Dead Zone is a sombre and sobering read – a tale of the decline and destruction of varying species across the globe because of what and how we eat. Starting with Sumatran Elephants which are on the brink of extinction due to loss of habitat as palm plantations raze the forests they roam in, Lymbery considers the plight of the stork in Poland which has suffered as the country’s farming became mechanised, the bison in America’s ‘corn culture’ mid-West, Louisiana shrimp in the Gulf of Mexico dead zone, Britain’s barn owl and water vole and a host of other species across the globe.
The connection Lymbery makes in all the animals he writes about, is that they are at risk because of the industrialised farming system that governs the world’s food production – a point not often made clear. His most potent chapter is on the Red Junglefowl, the original chicken. It is threatened, not from the usual suspects of habitat destruction or hunting, but because its genetic distinction is being lost through cross-breeding with its chicken descendants. Chickens have proliferated with the rise of industrial farming, so much so that Lymbery argues for the “chickenisation of the planet”. But their declining genetic diversity puts them at terrific risk, especially as the Red Junglefowl is no longer genetically ‘pure’. Just two companies produce most of the world’s chickens and the vast numbers produced with minimal genetic diversity means that disease might possibly lay waste to the entire species.
Lymbery argues, in the words of farmer Tim May, whom he interviews, that we need to go “back to the future” in farming – back to the practices of mixed farming that sustained both soil and animals on the land. He calls for a return to ‘pasture-for-life’ cattle, where livestock graze grass and return their debt to the land by fertilising it. Returning to gentler, more holistic farming practices is the only way to repair the damage done by decades of factory farming and ensure that we don’t live in a world “where the wild things were’”.
Stone Barns Center for Food and Agriculture
The average age of farmers in the US is 58 and there are now more farmers over the age of 75 than between the ages of 35 and 44. In the UK, the average age of farmers is 59. As farmers increasingly retire, fewer young people are entering the industry or taking over farms from their parents. It raises a very important question – who will grow our food in the future?
Letters to a Young Farmer is the first book from Stone Barns Center for Food and Agriculture, an organisation that works to help new farmers get training, guidance and access to resources. The book is an inspirational read, comprised of contributions from 39 leading voices in the sustainable food movement including Wendell Berry, Dan Barber and Anna Lappé. It seeks to advise and encourage young farmers, as well as bring home to all of us the vital importance of building a sustainable food system.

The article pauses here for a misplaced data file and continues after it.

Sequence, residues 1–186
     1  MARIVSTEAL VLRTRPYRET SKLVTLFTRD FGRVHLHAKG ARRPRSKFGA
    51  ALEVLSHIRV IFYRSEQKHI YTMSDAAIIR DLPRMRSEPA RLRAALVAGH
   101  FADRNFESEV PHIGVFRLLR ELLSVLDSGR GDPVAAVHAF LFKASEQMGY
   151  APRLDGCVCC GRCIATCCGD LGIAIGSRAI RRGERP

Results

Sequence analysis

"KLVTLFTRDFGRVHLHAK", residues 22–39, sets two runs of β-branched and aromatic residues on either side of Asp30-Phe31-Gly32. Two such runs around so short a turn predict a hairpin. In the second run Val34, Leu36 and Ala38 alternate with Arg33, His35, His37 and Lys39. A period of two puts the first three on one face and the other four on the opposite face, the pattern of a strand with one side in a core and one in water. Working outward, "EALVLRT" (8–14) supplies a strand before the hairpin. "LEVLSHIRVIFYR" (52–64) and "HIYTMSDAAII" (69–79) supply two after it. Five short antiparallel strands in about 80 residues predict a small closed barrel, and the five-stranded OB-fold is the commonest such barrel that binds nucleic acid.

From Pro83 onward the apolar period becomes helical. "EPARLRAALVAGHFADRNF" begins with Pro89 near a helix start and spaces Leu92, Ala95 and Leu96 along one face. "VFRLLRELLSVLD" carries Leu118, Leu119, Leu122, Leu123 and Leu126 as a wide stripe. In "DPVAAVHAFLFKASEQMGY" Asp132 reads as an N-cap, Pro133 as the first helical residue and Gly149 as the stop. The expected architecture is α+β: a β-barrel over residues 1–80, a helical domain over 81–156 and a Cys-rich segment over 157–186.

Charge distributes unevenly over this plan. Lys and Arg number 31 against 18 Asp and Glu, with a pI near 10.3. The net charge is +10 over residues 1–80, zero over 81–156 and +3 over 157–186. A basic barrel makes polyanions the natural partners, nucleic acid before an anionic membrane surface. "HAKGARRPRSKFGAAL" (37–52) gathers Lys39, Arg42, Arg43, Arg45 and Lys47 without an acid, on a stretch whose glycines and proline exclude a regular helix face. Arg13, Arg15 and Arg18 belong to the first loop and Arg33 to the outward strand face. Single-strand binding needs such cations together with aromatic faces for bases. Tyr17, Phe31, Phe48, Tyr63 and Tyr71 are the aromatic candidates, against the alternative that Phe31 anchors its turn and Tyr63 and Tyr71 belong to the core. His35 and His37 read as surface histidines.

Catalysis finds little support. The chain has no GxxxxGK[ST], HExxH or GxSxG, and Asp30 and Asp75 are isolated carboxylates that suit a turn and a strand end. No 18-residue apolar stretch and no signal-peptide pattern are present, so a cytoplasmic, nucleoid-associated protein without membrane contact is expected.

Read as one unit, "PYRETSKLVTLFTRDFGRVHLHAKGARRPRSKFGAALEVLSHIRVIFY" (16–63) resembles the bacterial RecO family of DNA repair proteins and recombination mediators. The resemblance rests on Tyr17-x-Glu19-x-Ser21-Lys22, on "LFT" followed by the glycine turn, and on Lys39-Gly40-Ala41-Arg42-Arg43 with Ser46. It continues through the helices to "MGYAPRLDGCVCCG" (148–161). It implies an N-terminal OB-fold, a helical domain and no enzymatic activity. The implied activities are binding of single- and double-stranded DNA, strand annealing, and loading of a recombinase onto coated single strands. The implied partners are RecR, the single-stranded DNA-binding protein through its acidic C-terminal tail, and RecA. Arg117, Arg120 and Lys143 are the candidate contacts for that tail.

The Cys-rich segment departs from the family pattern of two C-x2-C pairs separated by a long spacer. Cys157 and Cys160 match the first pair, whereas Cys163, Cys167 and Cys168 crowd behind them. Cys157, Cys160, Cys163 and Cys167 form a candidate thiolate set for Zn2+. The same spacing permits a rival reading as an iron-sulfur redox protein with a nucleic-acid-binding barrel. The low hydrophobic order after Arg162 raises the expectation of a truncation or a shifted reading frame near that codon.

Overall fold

Each ‘letter’ is written from a place of experience and wisdom, some are personal stories and anecdotes, some give practical advice, and others seek to educate or inspire. From chef and activist, Alice Waters, who says, “It is taste fundamentally that makes my work irresistible and your work vital”, to the renowned farmer, Joel Salatin, who begins, “Here is what I’d want a farm mentor to tell me if I were a young person with visions of farming dancing in my head,” these letters form a unique resource and a call to action for the next generation.
The Unsettlers tells the stories of new pioneers searching for a life less ordinary, living off-grid, regenerating communities, growing local food. Their stories intertwine with Sundeen’s own as he seeks in them lessons on how to live a meaningful life. At the root of their tales is radical thinking on American self-sufficiency and living with less impact on the earth.
The families Sundeen tracks come from different generations, but all at heart are uncompromising. Ethan and Sarah buy a derelict farm in Missouri and start an alternative community without any dependency on fossil fuel, turning back time and returning to life several hundred years ago. It’s an extreme that even other extremists would find difficult. Greg and Olivia build a life growing vegetables in the derelict centre of Detroit, forging a successful business in a violent and dangerous neighbourhood, bringing food to a place few but those trapped there, would go. Lucie and Steve, early pioneers of organic production in wild Montana, lived for decades in a tepee, without health insurance, raising three children and saving a small fortune in a cash economy by being careful and thrifty and never living beyond their means.